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A Burning Hunger: One Family's Struggle Against Apartheidby Lynda. Schuster
Synopses & Reviews
If the Mandelas were the generals in the fight for black liberation, the Mashininis were the foot soldiers. Theirs is a story of exile, imprisonment, torture, and loss, but also of dignity, courage, and strength in the face of appalling adversity. Originally published in Great Britain to critical acclaim, A Burning Hunger: One Family's Struggle Against Apartheid tells a deeply moving human story and is one of the seminal books about the struggle against apartheid.
This family, Joseph and Nomkhitha Mashinini and their thirteen children, became immersed in almost every facet of the liberation struggleand#151;from guerrilla warfare to urban insurrection. Although Joseph and Nomkhitha were peaceful citizens who had never been involved in politics, five of their sons became leaders in the antiapartheid movement. When the students of Soweto rose up in 1976 to protest a new rule making Afrikaans the language of instruction, they were led by charismatic young Tsietsi Mashinini. Scores of students were shot down and hundreds were injured. Tsietsi's actions on that day set in motion a chain of events that would forever change South Africa, define his family, and transform their lives.
A Burning Hunger shows the human catastrophe that plagued generations of black Africans in the powerful story of one religious and law-abiding Soweto family. Basing her narrative on extensive research and interviews, Lynda Schuster richly portrays this remarkable family and in so doing reveals black South Africa during a time of momentous change.
Book News Annotation:
In this reprint from 2004, Schuster recounts the story of the family of Tsietsi Mashini, who led demonstrations in 1976 against making Afrikaans the language used in schools in Soweto, South Africa, which then led to an uprising. Their story is a microcosm of the struggle against apartheid, Schuster argues. She uses their recollections, interviews, and documents to describe Tsietsi and his family's experiences fighting against apartheid, evading the authorities, and in prison, from the beginning of their family to his death in 1990. Schuster is a writer who has worked as a foreign correspondent for the Wall Street Journal and the Christian Science Monitor. Annotation ©2006 Book News, Inc., Portland, OR (booknews.com)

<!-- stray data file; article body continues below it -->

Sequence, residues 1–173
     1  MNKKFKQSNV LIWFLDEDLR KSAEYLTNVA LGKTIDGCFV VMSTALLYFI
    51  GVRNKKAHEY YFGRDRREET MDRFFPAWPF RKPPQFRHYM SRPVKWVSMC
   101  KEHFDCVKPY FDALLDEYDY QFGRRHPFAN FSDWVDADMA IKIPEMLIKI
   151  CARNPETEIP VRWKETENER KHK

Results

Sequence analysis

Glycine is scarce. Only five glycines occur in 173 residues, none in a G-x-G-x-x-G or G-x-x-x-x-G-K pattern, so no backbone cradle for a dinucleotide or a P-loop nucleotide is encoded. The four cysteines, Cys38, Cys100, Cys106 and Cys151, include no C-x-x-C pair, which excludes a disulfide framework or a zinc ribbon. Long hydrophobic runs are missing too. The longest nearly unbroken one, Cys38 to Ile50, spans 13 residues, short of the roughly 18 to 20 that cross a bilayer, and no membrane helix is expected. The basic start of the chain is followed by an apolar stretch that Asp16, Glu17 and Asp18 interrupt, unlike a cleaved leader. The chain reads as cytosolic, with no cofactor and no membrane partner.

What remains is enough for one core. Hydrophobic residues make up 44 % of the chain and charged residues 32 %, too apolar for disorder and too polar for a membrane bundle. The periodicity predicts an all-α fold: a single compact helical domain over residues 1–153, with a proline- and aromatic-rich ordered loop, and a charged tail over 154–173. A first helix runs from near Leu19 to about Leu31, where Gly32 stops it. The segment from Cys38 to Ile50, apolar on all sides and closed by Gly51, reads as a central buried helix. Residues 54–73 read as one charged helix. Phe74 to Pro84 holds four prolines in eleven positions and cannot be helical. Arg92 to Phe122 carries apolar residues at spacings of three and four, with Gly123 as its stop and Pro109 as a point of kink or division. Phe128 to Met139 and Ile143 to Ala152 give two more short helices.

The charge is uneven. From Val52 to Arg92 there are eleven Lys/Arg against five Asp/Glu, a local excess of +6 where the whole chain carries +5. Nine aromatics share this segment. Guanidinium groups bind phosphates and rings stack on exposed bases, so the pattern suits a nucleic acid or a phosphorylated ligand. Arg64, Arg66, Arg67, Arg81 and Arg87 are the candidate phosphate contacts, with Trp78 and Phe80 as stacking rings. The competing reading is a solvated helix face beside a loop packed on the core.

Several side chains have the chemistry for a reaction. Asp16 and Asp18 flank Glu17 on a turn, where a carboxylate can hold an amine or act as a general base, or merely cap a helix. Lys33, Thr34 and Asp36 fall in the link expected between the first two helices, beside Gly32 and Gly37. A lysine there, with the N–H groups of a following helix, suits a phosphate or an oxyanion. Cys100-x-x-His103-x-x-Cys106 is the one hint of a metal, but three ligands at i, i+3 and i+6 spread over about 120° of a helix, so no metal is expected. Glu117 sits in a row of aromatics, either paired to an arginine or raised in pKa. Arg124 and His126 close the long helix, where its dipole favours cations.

This is an acclaimed account of a family of foot soldiers for black liberation in South Africa, whose lives were changed in the Soweto uprising. Published originally in the UK to wide reviews, this is its first publication in the U. S.
On June 16, 1976, the youth of Soweto rose up in protest against a new rule making Afrikaans the language of instruction in their schools. Tsietsi Mashinini, a charismatic high school student, led them in demonstrations that quickly turned into South Africas biggest rebellion. Tsietsis actions on that day set in motion a chain of events that changed his country irrevocably and forever defined his family. From that moment onward, the Mashinini name became the stuff of legend; many of Tsietsis twelve siblings and even his parents, law-abiding, church-going citizens, found themselves pulled inexorably into the fight against apartheid. Originally published in the United Kingdom to critical acclaim, A Burning Hunger tells the tale of this remarkable family. It is the story of black South Africa in microcosm, embracing just about every facet of the liberation struggle. Tsietsi and his brothers became leading players in everything from guerrilla warfare to urban insurrection.
About the Author
Lynda Schuster worked as a foreign correspondent for the Wall Street Journal and the Christian Science Monitor in Africa, Central and South America, and the Middle East. Her writing has appeared in Granta, Utne, and the Atlantic Monthly. She now lives in Gainesville, Florida.
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History and Social Science » Africa » General